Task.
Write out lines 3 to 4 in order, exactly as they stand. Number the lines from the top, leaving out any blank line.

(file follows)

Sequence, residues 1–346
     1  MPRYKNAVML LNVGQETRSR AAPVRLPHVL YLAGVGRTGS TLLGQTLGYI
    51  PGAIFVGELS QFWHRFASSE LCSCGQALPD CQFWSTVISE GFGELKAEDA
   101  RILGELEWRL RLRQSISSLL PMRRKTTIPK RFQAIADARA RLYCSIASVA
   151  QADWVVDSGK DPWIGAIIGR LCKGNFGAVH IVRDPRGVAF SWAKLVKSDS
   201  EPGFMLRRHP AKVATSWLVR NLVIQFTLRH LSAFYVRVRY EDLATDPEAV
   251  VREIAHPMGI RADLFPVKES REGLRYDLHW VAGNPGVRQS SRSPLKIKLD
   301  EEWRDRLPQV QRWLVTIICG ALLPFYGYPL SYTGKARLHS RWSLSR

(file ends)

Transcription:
    51  PGAIFVGELS QFWHRFASSE LCSCGQALPD CQFWSTVISE GFGELKAEDA
   101  RILGELEWRL RLRQSISSLL PMRRKTTIPK RFQAIADARA RLYCSIASVA